Organ Donation and Transplantation - Can everyone on dialysis have a kidney transplant?
- Do expect to have a lot of tests to make sure you are suitable for a transplant
- Do expect to have an AIDS test before going on the transplant list
- Do not expect a transplant to solve problems such as heart disease
- Do not expect to go onto the transplant list automatically – you may not be suitable
About 50% (one in two) of people with kidney failure are suitable for a transplant, provided a suitable donor kidney can be found. People who will probably not be considered suitable include those with serious heart disease or who have recently had cancer.
Most renal units do not have an age limit for kidney transplantation. People are considered on merit (ie their suitability for a transplant), rather than age. However, having said that, most units would think very seriously before transplanting someone over 65 years old. The main reason is that older people often do not tolerate the transplant operation very well. Also, the drugs that are needed after a transplant are often too strong for older people. As
Doctors do not feel that transplants can be given to anyone who wants one, whatever the risks. This is because there is a shortage of kidneys for transplants, and so transplants should not be wasted. Also, a kidney given by a donor family should be used as carefully as possible, respecting their gift. Therefore, if someone with kidney failure wanted a transplant, even knowing there would be a high chance of dying after a risky operation, doctors may feel this is not ethical and can refuse to put someone on the transplant list.
Some renal units will not put people onto the national waiting list for a transplant kidney until they are stable on dialysis. However, most units will offer the chance to go onto the list before this pointAlso, if someone has a transplant that is failing, they may be put onto the list and given a new kidney before they have to go back on dialysis.
The national waiting list/register is for what is known as a deceased donor transplant. This type of transplant uses a kidney that has been removed from someone who has died. Most of the transplant kidneys in the UK come from this source. The remainder are what are known as ‘living related transplants’ or LRTs, or ‘living unrelated transplants’. For some patients, the possibility of obtaining a transplant kidney from a living donor will be the best chance of having a transplant operation before dialysis is needed.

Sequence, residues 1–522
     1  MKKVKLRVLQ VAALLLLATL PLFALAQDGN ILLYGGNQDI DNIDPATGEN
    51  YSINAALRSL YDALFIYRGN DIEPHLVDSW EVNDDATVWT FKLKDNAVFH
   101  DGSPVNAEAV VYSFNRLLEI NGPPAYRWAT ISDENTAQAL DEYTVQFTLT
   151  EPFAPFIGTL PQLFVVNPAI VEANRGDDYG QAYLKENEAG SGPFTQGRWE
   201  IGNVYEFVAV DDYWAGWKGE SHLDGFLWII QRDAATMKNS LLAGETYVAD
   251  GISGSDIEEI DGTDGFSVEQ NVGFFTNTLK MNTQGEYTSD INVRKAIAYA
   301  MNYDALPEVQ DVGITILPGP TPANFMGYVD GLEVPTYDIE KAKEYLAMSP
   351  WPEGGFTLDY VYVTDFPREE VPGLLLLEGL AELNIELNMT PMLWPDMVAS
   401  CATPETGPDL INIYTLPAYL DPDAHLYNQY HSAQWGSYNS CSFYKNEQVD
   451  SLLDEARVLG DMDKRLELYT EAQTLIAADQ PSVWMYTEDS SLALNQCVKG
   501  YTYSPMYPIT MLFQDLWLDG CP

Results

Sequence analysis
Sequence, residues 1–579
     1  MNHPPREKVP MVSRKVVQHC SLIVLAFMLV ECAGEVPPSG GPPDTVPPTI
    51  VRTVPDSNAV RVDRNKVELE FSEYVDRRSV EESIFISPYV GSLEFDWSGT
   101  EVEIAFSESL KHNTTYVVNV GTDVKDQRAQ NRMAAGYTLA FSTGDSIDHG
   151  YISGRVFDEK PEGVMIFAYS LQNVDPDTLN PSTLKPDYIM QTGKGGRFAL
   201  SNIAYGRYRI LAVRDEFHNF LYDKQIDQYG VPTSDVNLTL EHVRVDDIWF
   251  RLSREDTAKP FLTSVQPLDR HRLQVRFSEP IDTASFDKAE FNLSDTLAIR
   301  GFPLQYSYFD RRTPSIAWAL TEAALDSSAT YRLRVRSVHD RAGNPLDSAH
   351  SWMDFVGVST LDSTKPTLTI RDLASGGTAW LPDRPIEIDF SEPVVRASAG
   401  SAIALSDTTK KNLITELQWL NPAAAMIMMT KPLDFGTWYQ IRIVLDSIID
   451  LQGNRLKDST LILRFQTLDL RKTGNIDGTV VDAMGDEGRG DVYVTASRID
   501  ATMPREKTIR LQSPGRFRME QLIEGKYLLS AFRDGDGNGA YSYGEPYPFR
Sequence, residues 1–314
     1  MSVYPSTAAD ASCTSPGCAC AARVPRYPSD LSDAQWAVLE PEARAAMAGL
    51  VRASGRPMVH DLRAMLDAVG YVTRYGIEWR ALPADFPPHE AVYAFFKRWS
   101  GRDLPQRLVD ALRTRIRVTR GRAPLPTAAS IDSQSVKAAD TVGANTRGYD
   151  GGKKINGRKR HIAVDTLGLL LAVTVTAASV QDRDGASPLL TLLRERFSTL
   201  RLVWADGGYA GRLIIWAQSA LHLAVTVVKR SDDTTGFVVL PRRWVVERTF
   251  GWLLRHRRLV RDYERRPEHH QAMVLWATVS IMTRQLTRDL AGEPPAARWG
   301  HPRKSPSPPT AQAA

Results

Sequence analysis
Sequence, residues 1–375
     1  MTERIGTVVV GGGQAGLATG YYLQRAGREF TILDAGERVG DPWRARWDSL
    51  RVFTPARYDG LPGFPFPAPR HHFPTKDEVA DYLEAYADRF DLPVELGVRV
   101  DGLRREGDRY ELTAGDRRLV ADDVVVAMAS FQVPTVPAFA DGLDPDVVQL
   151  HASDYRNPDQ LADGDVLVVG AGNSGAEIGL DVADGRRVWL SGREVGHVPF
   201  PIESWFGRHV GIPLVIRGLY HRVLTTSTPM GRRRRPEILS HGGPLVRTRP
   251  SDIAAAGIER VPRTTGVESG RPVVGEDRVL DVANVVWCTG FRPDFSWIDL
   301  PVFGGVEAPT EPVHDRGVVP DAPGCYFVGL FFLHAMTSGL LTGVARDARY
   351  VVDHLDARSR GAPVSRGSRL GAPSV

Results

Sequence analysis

Some renal units are undoubtedly better organised in terms of transplantation than others. So, some units do carry out transplants before dialysis. Some units also make more effort to obtain kidneys than others, and some units are keener on LRTs than others. For all these reasons, people in some units may wait less time for a transplant, and are more likely to have a transplant before they need dialysis, than is usual in other units. Efforts are being made to measure the differences between kidney units, and to set criteria so that the system becomes equal for everyone.
Before anyone can be put forward for a transplant, they will have to be tested for various viruses. These include HIV (the virus that causes AIDS), hepatitis B, hepatitis C and cytomegalovirus (known as CMV). It is important to test for these viruses because they may be dormant (sleeping, causing no symptoms) in a patient’s body. After the transplant, they may be ‘woken up’ and cause illness.
If someone is positive for the HIV test, they will not immediately be put on the transplant list. This is because research has shown that people with HIV can get AIDS and die soon after a transplant. Someone who refuses the HIV test will not be put on the transplant list. If someone has HIV, it may be possible for them to have a transplant, but they need to have a careful assessment from the kidney and HIV specialist doctors. If the drugs for HIV have been effective and there is no detectable virus in the blood, and the CD4 cell count is normal, and there have been no serious infections for some time(6 months), a transplant may be possible.
If the hepatitis (liver infection) virus tests are positive, it may be possible to have a transplant, but further tests will be needed on the liver to make sure a transplant would be safe.
Other tests are also necessary before someone can have a transplant. These include an electrocardiogram (ECG, an electric recording of the heart beat), and sometimes an echocardiogram (ECHO, a sound-wave/ultrasound picture of the heart) and a chest X-ray. Some renal units also insist that kidney patients who are diabetic also have a treadmill test (measurement of the ECG while walking fast) or a cardiac catheter test (a special X-ray picture of the heart).
The National Kidney Federation cannot accept responsibility for information provided. The above is for guidance only. Patients are advised to seek further information from their own doctor.